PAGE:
Church group leads community empowerment efforts
Adams remembers black Savannah's "Daddy Grace Parade," a spectacle that unified the community. It was led by Sweet Daddy Grace, the leader of a Pentecostal church that Adams notes has contributed a great deal to the economic health of the black community. As he reflects on the church's outreach, Adams remembers some of the institutions black Savannah lost to urban renewal and black Savannans' efforts to reverse some of those losses through community activism.
Citing this Excerpt
Oral History Interview with Floyd Adams, August 16, 2002. Interview R-0168. Southern Oral History Program Collection (#4007) in the Southern Oral History Program Collection, Southern Historical Collection, Wilson Library, University of North Carolina at Chapel Hill.
Full Text of the Excerpt
You wouldn't remember any of Daddy Grace's
FLOYD ADAMS, JR.
Oh yes I do. I remember quite a few of them. I enjoyed it matter of
fact, really enjoyed those because at the time we could go to the
Herald and kept cool and relaxed until the parade came
out and then we walked outdoors and did it. Like I was telling, relating
to some people the other day, they used to have the bands on the back of
a truck, a flatbed truck and playing the music right before Daddy Grace
would come by and see the people walking and the parade. The big parade
of Savannah was the Daddy Grace parade for black folks. It
wasn't the Saint Patrick's Day parade. It was the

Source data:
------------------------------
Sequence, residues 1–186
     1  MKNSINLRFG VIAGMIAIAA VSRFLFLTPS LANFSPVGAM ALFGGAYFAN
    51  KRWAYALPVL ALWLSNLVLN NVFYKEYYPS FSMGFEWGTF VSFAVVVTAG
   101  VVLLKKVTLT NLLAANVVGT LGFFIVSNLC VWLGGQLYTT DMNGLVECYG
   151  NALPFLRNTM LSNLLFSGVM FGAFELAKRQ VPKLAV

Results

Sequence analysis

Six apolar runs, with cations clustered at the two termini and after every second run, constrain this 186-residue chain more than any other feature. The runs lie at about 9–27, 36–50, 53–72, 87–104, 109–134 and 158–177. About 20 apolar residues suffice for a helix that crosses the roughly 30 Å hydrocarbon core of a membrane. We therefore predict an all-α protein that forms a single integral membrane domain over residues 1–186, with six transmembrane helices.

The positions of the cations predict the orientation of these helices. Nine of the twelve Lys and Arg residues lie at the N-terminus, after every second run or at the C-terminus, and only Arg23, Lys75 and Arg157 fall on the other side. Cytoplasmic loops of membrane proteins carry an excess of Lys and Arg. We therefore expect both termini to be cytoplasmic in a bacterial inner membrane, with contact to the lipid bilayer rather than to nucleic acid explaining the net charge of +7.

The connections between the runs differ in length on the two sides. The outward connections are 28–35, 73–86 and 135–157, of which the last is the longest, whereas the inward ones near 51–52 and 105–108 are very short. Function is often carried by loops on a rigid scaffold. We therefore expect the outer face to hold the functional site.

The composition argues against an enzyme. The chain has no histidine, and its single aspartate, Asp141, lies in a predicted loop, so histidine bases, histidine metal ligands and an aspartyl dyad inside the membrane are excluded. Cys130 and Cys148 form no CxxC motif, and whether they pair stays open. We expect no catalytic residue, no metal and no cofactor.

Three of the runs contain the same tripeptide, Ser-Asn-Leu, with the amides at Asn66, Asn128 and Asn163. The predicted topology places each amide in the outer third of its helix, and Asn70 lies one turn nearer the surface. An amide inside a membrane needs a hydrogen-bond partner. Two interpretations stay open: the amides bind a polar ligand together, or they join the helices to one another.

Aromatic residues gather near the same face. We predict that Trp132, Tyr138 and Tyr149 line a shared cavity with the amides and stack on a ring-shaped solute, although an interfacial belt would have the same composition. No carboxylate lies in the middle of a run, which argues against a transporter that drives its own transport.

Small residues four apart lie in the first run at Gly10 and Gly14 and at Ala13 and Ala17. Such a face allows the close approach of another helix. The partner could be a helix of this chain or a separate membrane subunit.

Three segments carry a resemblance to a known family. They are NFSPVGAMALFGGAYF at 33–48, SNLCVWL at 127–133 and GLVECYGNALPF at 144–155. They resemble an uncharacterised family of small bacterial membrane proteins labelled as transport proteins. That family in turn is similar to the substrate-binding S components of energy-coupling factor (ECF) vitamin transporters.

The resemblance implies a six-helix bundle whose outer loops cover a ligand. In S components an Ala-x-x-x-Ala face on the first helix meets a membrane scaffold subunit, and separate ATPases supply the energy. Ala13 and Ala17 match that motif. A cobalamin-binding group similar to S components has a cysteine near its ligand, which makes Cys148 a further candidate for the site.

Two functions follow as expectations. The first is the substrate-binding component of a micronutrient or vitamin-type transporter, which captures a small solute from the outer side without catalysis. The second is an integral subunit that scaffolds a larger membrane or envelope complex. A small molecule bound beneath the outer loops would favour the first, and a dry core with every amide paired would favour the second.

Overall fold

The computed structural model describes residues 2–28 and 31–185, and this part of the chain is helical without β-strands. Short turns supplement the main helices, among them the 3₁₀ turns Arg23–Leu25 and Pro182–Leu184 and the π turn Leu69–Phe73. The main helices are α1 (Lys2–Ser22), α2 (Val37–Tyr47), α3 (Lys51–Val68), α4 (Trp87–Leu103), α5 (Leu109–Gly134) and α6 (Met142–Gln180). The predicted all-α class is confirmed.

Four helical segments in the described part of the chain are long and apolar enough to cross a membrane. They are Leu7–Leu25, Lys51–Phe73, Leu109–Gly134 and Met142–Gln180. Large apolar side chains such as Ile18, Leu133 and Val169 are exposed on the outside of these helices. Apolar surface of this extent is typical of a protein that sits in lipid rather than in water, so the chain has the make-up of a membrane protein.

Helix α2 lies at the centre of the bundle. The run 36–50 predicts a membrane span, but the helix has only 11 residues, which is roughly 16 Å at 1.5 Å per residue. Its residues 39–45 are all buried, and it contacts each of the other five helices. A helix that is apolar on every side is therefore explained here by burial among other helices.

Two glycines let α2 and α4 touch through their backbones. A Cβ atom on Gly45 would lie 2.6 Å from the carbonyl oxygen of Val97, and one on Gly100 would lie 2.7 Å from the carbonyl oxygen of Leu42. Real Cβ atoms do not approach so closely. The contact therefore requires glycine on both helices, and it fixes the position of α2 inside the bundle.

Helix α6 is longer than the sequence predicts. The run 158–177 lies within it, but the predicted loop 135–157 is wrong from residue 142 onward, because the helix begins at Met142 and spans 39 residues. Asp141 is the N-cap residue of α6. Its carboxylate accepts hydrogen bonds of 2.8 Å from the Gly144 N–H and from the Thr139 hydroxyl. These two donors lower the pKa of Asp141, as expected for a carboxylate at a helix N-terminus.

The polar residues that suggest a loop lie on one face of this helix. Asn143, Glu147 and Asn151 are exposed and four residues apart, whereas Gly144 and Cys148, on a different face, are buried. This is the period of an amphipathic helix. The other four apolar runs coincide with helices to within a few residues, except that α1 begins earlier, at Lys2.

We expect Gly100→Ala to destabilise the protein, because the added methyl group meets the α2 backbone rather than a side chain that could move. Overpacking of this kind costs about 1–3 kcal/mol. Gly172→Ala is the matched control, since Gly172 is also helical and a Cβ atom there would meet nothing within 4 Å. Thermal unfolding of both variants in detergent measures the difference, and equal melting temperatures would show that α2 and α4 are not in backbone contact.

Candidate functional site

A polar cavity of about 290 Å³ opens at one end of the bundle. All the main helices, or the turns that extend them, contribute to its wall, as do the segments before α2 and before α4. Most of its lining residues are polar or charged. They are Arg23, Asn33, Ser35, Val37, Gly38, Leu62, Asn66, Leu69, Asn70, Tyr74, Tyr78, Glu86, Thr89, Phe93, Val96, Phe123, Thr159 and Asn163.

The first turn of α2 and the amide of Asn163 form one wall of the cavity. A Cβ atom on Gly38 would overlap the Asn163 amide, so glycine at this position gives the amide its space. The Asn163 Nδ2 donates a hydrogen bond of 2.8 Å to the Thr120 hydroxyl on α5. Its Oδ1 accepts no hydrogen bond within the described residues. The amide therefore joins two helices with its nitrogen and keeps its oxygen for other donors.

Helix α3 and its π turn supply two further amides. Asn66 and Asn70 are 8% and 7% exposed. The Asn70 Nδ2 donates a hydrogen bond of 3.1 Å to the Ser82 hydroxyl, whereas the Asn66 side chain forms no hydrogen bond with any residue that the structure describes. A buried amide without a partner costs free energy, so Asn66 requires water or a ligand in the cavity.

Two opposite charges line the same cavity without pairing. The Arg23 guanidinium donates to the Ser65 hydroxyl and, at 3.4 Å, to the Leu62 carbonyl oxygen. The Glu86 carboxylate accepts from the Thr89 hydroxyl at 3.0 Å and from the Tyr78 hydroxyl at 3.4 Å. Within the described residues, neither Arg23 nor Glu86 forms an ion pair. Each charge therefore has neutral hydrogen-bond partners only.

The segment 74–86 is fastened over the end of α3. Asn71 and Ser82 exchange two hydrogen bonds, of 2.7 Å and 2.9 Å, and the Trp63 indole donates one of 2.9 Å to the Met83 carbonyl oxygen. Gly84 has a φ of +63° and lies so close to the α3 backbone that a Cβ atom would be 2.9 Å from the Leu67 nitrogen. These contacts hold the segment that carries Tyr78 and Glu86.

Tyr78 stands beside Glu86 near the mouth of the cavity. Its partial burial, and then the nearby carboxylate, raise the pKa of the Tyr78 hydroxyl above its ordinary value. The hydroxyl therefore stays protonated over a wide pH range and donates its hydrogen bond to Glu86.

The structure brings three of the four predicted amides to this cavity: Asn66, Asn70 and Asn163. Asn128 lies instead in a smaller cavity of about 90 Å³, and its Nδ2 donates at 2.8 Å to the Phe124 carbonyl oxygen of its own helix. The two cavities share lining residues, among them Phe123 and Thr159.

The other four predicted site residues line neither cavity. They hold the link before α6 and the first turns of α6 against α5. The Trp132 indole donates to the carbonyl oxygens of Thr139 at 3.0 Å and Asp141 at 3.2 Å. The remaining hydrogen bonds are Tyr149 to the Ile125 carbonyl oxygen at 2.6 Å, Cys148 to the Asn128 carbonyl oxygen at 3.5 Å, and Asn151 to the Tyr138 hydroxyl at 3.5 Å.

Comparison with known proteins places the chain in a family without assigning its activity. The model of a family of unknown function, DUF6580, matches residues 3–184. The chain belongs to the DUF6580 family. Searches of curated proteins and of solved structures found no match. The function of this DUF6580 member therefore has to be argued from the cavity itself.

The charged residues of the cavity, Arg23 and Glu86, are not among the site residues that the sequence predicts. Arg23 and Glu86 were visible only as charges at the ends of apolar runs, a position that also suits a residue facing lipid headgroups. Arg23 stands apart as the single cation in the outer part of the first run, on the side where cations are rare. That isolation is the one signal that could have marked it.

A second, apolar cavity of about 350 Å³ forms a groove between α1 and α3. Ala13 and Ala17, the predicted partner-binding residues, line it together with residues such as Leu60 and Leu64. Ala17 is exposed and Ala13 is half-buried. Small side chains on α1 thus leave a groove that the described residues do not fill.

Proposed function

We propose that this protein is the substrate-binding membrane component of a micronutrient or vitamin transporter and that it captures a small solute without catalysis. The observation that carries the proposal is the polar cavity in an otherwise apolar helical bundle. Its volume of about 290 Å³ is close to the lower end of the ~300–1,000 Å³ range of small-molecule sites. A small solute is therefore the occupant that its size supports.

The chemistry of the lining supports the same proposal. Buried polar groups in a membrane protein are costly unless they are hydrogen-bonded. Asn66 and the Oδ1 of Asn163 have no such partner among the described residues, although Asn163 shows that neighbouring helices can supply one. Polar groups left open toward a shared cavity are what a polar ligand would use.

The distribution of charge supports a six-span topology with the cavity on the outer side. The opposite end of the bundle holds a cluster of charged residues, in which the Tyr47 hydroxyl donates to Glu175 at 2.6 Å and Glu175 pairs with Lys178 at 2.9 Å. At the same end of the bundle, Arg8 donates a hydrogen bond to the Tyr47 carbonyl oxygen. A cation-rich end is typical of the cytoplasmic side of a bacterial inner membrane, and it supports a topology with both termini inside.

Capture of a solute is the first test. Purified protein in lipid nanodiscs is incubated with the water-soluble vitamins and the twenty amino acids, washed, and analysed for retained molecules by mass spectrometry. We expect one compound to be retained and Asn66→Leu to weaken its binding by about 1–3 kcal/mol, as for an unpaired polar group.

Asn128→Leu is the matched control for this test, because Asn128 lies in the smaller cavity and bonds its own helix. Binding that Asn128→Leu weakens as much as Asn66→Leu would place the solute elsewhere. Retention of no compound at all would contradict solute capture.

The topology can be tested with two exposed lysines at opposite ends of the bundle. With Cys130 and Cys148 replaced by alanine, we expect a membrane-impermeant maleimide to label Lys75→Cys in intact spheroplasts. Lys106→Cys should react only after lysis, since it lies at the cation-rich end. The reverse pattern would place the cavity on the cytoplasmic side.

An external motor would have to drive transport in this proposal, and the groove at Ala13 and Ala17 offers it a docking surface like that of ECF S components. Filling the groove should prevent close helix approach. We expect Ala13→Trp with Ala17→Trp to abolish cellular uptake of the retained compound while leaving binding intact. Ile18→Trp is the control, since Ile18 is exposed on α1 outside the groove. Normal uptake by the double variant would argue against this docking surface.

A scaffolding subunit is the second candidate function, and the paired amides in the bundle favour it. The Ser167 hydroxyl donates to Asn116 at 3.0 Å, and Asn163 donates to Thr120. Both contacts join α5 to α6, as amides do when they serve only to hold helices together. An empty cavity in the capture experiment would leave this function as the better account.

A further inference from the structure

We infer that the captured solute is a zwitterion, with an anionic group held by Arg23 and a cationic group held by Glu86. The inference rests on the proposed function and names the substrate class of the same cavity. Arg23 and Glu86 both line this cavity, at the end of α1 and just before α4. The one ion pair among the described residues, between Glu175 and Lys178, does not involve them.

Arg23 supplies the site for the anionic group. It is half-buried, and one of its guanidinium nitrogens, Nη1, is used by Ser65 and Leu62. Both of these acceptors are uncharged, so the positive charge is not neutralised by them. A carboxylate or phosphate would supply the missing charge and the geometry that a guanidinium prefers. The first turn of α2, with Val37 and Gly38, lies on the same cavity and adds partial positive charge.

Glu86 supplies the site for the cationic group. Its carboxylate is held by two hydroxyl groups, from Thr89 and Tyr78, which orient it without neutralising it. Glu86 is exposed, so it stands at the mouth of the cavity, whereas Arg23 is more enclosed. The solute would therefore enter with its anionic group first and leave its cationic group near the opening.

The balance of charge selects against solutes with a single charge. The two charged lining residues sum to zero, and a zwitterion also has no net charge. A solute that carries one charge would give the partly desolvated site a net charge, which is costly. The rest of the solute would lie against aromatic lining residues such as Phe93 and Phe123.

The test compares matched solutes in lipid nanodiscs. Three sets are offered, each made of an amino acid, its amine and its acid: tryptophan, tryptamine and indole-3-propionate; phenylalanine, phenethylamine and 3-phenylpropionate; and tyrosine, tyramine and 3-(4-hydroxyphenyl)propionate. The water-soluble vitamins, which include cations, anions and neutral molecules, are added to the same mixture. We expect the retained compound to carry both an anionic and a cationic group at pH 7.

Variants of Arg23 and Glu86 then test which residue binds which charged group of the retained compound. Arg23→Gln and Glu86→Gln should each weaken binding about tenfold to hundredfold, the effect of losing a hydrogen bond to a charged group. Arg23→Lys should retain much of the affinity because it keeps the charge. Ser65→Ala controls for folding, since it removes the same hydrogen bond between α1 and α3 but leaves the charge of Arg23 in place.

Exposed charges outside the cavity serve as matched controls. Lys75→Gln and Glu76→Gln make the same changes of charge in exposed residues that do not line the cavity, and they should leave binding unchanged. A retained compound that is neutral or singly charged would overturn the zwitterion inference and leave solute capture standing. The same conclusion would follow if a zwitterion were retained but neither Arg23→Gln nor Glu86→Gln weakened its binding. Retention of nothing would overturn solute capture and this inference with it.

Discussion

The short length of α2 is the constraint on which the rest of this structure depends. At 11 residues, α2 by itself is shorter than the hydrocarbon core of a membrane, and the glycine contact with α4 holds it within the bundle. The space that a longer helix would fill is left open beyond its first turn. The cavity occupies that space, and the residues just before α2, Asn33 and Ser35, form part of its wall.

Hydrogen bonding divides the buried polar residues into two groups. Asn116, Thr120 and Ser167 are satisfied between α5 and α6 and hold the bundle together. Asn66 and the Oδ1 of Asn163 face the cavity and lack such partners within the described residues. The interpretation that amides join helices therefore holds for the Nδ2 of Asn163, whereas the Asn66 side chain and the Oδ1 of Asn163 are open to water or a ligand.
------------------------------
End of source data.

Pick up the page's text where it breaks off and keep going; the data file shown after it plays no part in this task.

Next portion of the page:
sweet Daddy Grace parade and everybody turned out. I mean, that was it.
That was the thing. I remember going to my first service of Daddy
Was this an outdoor?
FLOYD ADAMS, JR.
No, he had a tent on the corner of Thirty-fourth and Thirty-fourth
street between Ogeechee road right around the corner from his present
place and had the sawdust on the floor. That was the ground. That was
the flooring, the sawdust, fresh sawdust on it. People step on that and
everything and see how they gave him the money trees and all that kind
of stuff. But as a child you related to the music and see how the people
were reacting so more than anything else. So it was good.
FLOYD ADAMS, JR.
Yeah, the spectacle if you want to call it, but everybody looked at
Sweet Daddy wanted to look at his fingernails and everything of that
nature. He did wonders for this community and brought it together. So
regardless of whether you believe that his religious permutation and
belief, he did good for this community. He still continues to do good,
House of Prayer.
FLOYD ADAMS, JR.
The House of Prayer doing great. The House of Prayer did something in
this community that other churches have not done, black churches. They
built apartment complexes for the senior citizens within the church.
They spruced up the neighborhoods and recently within the last four or
five years, they've come in and rebuilt all their churches in
Savannah and upgraded their facilities. Now they're operating
restaurants and everything. So from an economic point of view,
they've been a wonderful blessing to